Ben Franklin and Mike Tyson

” If you fail to plan, you are planning to fail”  Benjamin Franklin  
                                                                                                                                                              “Everyone has a plan until they get punched in the mouth” Mike Tyson

There is truth in both quotes.  As a coach I like taking a longterm view of things, including the eventual time where my client or student is no longer with me.  While the long view (and ultra long view) are great, one needs to plot the course to get there.  This comes is smaller journeys which will be listed below.

In my previous blog on What is Exercise? What is Training? https://mytrainerchris.wordpress.com/2016/01/24/what-is-exercise-what-is-training/

I covered the difference between the two and that I primarily deal in the latter.  This is not to say I discount the value in the former as the skill of being able to adapt to the unknown is essential. There is a huge difference between adapting to a situation and making stuff up as you go, and even then making stuff up as you go has value in some situations.

Some years ago I was assigned a client that on any given day presented some musculoskeletal issue that made designing, much less adhering to a consistent exercise program near impossible.  Even today, with greater experience and tools at my disposal I would be challenged. I had no choice but to take the person at their word and that the complaints were real and not being over-exaggerated, even though I had my suspicions and occasional tests proved me correct.

My ability to adapt to an ever-changing situation was honed during my military career, so I had a leg up so to speak.  Still, there was always the bomb squad thought going through my head, one miscalculation is all it would take to have a very bad day.

Those sorts of situations are a test of ones patience,knowledge,professionalism and creativity.

The textbook definitions of training periods. (Ben Franklin situation)                                 Training Session:  A duration of up to several hours.  If there is a rest period of 30min or more it will be considered a multi-workout day.   A training day can contain multiple sessions and is designed for the microcycle which it is contained.

Microcycle: Several days to 2 weeks, composed of several sessions.  A Mesocycle is often 2-6 week blocks of linked microcycles.   A Macrocycle is several months up to one year and some authors refer to it as an annual plan.

Annual Training Plan: Is one year and can contain a single or multiple macrocycles. Plans beyond one year are known as quadrennial plans.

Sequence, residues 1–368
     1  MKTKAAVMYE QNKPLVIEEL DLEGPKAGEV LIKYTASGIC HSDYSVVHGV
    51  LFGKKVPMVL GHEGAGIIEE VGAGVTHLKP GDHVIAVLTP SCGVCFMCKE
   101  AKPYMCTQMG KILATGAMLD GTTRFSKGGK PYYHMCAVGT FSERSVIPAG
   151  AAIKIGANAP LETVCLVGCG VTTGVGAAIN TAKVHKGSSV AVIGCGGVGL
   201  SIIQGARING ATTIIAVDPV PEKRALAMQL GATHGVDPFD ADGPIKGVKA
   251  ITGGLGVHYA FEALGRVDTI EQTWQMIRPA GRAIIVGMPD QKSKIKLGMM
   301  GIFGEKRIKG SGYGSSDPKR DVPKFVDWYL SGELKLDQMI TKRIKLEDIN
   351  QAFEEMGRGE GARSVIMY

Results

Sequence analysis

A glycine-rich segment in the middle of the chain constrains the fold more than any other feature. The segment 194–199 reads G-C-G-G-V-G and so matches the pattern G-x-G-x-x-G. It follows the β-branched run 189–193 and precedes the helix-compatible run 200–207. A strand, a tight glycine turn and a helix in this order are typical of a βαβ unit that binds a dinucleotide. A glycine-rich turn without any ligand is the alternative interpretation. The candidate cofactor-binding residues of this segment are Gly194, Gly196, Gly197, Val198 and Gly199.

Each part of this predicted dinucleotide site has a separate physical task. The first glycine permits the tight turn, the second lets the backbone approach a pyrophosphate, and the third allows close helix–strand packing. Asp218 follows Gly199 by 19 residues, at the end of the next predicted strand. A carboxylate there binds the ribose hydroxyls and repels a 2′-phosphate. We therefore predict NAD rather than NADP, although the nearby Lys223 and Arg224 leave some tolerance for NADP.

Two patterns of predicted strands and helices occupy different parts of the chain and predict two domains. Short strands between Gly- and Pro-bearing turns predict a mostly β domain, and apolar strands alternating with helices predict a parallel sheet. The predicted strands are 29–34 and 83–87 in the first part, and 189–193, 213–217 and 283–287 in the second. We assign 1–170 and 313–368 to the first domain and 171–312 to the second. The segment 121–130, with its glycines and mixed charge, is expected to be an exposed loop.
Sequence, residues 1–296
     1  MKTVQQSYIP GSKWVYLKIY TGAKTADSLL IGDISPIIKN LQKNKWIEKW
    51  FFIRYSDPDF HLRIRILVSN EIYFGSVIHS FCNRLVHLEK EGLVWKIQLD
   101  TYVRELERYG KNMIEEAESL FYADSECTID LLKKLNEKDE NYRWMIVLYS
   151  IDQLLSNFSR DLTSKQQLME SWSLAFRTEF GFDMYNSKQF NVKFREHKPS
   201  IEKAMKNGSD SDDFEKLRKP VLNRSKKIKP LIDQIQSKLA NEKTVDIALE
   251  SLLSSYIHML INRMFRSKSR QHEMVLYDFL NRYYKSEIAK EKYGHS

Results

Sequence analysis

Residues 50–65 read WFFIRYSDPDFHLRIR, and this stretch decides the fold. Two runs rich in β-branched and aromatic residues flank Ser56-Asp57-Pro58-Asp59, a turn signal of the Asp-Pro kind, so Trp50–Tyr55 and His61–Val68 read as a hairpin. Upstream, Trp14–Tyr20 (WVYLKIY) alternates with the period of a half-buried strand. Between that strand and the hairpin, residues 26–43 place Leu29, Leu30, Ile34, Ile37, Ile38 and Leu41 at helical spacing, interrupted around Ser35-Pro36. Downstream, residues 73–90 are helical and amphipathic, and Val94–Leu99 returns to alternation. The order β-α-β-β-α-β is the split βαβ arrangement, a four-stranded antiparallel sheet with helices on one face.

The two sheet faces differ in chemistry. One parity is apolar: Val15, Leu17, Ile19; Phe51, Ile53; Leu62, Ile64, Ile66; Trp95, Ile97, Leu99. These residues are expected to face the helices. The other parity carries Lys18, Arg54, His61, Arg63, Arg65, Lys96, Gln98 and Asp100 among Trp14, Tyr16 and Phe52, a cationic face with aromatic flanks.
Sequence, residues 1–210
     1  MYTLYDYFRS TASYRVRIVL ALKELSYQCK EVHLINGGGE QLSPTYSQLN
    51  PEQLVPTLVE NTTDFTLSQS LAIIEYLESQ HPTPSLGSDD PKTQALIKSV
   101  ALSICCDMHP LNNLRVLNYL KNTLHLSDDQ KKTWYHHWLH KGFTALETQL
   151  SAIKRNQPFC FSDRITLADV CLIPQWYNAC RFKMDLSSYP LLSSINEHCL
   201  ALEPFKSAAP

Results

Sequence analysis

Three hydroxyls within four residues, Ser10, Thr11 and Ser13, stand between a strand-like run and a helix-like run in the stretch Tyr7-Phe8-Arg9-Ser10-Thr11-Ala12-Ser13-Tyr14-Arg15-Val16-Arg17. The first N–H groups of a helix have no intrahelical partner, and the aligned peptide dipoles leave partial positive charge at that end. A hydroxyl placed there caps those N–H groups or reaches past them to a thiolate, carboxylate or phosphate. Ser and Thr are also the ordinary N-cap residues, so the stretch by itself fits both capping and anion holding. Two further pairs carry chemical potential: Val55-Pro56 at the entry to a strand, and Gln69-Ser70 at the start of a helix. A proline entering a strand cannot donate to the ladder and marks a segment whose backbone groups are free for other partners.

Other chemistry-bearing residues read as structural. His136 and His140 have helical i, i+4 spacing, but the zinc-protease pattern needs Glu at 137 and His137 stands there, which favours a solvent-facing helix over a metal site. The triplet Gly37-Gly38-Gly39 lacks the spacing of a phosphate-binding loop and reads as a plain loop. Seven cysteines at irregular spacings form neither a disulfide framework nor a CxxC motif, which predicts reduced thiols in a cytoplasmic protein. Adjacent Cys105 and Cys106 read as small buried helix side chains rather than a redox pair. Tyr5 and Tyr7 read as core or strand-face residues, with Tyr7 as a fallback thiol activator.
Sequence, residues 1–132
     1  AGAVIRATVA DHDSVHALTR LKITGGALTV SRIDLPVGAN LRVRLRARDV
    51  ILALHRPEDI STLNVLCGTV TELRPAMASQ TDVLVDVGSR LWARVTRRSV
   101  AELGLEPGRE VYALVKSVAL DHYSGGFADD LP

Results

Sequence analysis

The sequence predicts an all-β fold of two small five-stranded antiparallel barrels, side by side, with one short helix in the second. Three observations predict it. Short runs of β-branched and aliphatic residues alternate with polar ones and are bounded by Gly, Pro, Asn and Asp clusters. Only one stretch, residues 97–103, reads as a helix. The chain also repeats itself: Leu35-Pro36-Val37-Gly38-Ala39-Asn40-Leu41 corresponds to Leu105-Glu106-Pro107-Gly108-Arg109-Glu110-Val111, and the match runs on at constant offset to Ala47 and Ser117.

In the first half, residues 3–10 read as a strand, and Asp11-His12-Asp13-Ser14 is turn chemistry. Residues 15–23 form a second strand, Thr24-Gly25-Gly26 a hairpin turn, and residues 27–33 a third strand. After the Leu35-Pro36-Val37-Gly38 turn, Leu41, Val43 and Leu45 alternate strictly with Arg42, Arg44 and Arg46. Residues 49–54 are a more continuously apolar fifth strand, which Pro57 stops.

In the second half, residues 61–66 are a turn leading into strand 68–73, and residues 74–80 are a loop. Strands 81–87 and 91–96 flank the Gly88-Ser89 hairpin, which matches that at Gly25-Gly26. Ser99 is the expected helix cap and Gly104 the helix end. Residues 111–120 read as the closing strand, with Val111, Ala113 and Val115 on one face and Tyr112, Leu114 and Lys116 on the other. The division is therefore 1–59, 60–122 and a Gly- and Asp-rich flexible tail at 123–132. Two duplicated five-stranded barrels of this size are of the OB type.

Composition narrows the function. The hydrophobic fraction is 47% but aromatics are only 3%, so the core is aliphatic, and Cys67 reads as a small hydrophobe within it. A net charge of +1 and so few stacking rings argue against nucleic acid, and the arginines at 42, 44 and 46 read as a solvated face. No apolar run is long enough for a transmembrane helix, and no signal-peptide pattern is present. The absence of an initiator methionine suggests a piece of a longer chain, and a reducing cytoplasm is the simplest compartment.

When deviating from the plan is called for. (Mike Tyson situation)   Often the Mike Tyson situation occurs within a training session, but in some cases it can affect annual training. Client/Student/Athlete shows up for training with an injury. In my opinion it doesn’t matter if its real or imagined. You have several options available depending on the severity and duration.
Cancel the session, refer out.
Work around the issue.
Alter the days the training session to accommodate what the person can do pain free.
Be realistic. If this isn’t a competitive athlete will the microcycle REALLY be affected?

The client is habitually late.  I’m not a fan of tardiness but understand that sometimes things in life happen.  I don’t mind if its very few and far between. Aside from being disrespectful,repeated tardiness is cumulative and doesn’t help the person reach their goal.
I first have “the talk.” Habitual tardiness in my opinion is indicative of a problem, one that likely got them to where they are now.
If the person is habitually late I subtract it from their time, not start the session counter when they decide to arrive. This is not well-liked by client.
If it becomes too cumulative I terminate the clients agreement with me. Further, I do not refer the client to any coaches within my local network.  If they can’t appreciate my time then maybe they will appreciate my absence.

The Client is having a “rough day” Essentially the client showed up in less that optimal condition either psychologically,physically or physiologically.  It depends on whom you’re dealing with and what level of experience they have.

On one hand you can dial back the session and address mobility needs and a refreshing tonic workout. Not enough food,air,sleep or water or clients that are depressed are good candidates for this.  Controlling load, volume and rest periods are key. You may need to subtract/regress entire exercises, especially those with higher levels of technical sophistication even if the person is normally good at them.

On the other hand you can take advantage of the persons aggression and focus it on controlled lifts that the person is used to doing.   Be mindful of breaks and training stress. If the person is used to 5 sets of 5 now is not the time to make them do 10 sets of 10. Personally this is where I like focusing on the isometric portion of lifts and the grip dependent techniques.

 

 

 

 

 

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